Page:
If you’ve ever had to stop in the middle of a run, desperate to find a bathroom, or even considered diving for the nearest bush—welcome to the club. You’re most definitely not alone. Everybody poops. But runners tend to poop more easily. Research reveals that 30 to 90 percent of runners experience at least one symptom of gastrointestinal distress. For competitive athletes, it’s a running joke. But for weekend warriors, it can be mortifying. “The most common reason to stop running is the urge to defecate,” says Carrie Jaworksi, MD, Director of Primary Care Sports Medicine at NorthShore University Health System in Glenview, IL. “Many people are super embarrassed to talk about it, but it’s hard to reach your personal best when you’re stuck in a porta potty.” Here’s what you need to know when you need to go on the run.
Why Do You Have to Poop When You Run?
Jaworski explains that when you run, blood flow decreases to your gut, and increases to your muscles. The harder and longer the run, the more likely it’s going to mess with how well your gut is functioning. Diarrhea and rectal bleeding are common complaints across all endurance athletes, but almost twice as likely for runners. It could be that they’re pounding the road, adding up-and-down bouncing and vibrations. Hot weather and dehydration definitely don’t help. And of course, what you eat and drink makes a big difference: If you have a fatty breakfast sitting in your stomach, you’ve been swigging a lot of sugary sports drinks, or you’re even the slightest bit sensitive to dairy, that could spell tummy trouble during a run.
How to Avoid Emergency Bathroom Breaks
“The best thing you can do is train your gut,” says Kelly Pritchett, PhD, RDN, CSSD, assistant professor of sports nutrition at Central Washington University. “If you’re doing your first 5K, it could be as simple as nailing breakfast. But if you’re exercising for more than an hour, you need more fuel, so practice what you’re going to do during training, well before race day.” Here are a few nutrition tips to avoid the trots.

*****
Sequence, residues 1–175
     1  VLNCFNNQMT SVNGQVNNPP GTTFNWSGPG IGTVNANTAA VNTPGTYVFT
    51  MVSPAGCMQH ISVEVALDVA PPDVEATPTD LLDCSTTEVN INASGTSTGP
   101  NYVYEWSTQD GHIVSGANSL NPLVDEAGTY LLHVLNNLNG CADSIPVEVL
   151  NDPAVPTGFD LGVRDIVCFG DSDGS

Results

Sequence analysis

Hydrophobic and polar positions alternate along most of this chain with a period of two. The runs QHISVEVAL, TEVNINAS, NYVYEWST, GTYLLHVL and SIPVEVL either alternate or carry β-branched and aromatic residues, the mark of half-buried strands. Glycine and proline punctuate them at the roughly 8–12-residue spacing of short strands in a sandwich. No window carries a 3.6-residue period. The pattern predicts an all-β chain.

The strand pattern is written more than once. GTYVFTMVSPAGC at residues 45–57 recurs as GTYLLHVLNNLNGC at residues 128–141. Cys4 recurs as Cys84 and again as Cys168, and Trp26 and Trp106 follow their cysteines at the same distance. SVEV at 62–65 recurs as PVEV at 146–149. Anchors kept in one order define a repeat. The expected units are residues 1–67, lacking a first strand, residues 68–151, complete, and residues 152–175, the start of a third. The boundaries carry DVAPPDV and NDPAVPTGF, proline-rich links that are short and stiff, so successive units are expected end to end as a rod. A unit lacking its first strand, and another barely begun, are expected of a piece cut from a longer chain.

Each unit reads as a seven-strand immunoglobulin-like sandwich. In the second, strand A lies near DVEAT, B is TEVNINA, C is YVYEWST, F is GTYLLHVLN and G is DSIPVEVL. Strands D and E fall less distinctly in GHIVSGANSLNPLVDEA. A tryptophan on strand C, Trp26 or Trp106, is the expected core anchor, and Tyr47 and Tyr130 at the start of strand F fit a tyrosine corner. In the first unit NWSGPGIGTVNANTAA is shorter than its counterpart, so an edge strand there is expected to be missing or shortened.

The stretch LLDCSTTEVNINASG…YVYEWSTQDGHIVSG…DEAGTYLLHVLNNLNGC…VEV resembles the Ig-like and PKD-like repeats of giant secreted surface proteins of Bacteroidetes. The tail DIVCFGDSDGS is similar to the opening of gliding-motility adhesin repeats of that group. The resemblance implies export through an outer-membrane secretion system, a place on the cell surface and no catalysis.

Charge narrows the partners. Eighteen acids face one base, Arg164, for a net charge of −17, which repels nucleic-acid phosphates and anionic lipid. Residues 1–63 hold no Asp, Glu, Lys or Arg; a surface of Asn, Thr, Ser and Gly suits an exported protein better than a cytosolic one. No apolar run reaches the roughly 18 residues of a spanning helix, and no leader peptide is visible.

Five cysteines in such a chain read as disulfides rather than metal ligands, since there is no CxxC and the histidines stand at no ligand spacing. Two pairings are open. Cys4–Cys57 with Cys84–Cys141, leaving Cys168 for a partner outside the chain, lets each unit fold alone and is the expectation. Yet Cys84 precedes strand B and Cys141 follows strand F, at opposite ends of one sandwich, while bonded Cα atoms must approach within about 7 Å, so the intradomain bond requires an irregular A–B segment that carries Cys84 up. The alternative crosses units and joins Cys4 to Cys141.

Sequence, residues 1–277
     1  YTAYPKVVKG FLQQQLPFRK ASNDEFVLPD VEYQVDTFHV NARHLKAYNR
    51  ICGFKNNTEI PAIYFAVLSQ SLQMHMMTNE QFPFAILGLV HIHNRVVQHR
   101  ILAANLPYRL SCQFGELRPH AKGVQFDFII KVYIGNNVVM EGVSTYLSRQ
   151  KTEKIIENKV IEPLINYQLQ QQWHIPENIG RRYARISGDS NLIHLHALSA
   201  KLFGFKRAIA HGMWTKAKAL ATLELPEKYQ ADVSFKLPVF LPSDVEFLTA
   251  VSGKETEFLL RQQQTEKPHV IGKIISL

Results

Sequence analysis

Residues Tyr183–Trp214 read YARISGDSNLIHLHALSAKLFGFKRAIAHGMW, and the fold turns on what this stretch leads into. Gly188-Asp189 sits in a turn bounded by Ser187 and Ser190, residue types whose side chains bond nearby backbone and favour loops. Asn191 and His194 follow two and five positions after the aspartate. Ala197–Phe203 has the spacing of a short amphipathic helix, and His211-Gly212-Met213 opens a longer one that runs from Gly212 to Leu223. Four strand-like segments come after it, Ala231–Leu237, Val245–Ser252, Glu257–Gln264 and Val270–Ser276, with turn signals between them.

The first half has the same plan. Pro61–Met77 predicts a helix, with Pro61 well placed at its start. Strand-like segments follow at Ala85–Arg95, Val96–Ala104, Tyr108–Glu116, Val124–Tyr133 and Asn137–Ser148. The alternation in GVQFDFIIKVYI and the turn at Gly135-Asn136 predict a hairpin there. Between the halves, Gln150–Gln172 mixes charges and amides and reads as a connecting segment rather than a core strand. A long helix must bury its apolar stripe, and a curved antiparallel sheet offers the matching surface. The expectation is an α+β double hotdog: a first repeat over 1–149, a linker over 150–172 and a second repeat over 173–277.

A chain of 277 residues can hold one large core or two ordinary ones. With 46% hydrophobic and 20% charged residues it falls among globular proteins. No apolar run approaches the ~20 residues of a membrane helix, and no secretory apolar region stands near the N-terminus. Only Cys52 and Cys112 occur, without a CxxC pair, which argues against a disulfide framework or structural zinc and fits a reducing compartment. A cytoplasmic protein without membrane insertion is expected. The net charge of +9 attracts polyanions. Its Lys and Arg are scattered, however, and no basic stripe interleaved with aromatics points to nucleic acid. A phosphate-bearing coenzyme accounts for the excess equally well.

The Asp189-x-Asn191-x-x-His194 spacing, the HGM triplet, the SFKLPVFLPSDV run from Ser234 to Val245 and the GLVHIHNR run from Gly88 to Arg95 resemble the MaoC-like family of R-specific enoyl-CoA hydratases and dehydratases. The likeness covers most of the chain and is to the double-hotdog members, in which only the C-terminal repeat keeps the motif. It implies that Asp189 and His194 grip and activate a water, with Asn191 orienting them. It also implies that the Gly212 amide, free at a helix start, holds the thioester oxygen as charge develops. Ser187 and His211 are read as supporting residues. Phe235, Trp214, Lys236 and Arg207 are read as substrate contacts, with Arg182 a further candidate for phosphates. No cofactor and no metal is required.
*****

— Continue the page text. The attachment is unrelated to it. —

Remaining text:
- Avoid foods high in fat and fiber. Fat takes longer to digest, so it can sit in your stomach, whereas fiber can clear you out a little too quickly. So you might want to limit whole grains, fruits, and vegetables a few days before a race, and definitely skip the bacon and cheese right before a run.
- Check sensitivities to lactose or FODMAPs. “Lots of runners are trying a diet that’s lower in FODMAPs these days,” says Pritchett, referring to foods that contain a particular type of sugar. It’s statistically more likely to be sensitive to FODMAPs than to gluten, so if you’re struggling with tummy troubles, talk to a dietitian. Lots of runners also dodge dairy. “If you have lactose intolerance or even a little bit of a sensitivity, running will likely exacerbate that,” Pritchett explains. “But there’s also no need to avoid dairy if it doesn’t cause you problems.”
- Don’t go crazy with caffeine. If a cup of joe sends you straight to the bathroom, that’s because caffeine stimulates the colon, and can increase bowel movements. A lot of athletes rely on caffeine for a performance boost. But Pritchett warns against overdoing it. Establish a caffeine routine, stick to your usual number of cups of coffee or caffeinated sports gels, and give yourself plenty of time in the morning to empty out.
- Dilute drinks and gels. Sugary sports drinks and gels can be harsh on your stomach, especially when they’re super concentrated. Pritchett recommends combining your fuel and hydration strategies, and cutting sports drinks with water or dissolving gels.
- Train your gut. The same way you train your legs, heart, and lungs, you want to treat your gut like an athletic organ. Even at shorter distances and lower intensities, Pritchett encourages runners to practice taking in a little bit of fuel. And above all, “Never try anything new, different, or crazy on race day,” Pritchett emphasizes. “Have a magic meal. Have a fueling strategy. Consistency is the best way to calm a rocky stomach.” And, of course, it never hurts to plan ahead and know where the porta potties will be placed along the course.
This information is for educational purposes only and is not intended as a substitute for medical diagnosis or treatment. You should not use this information to diagnose or treat a health problem or condition. Always check with your doctor before changing your diet, altering your sleep habits, taking supplements, or starting a new fitness routine.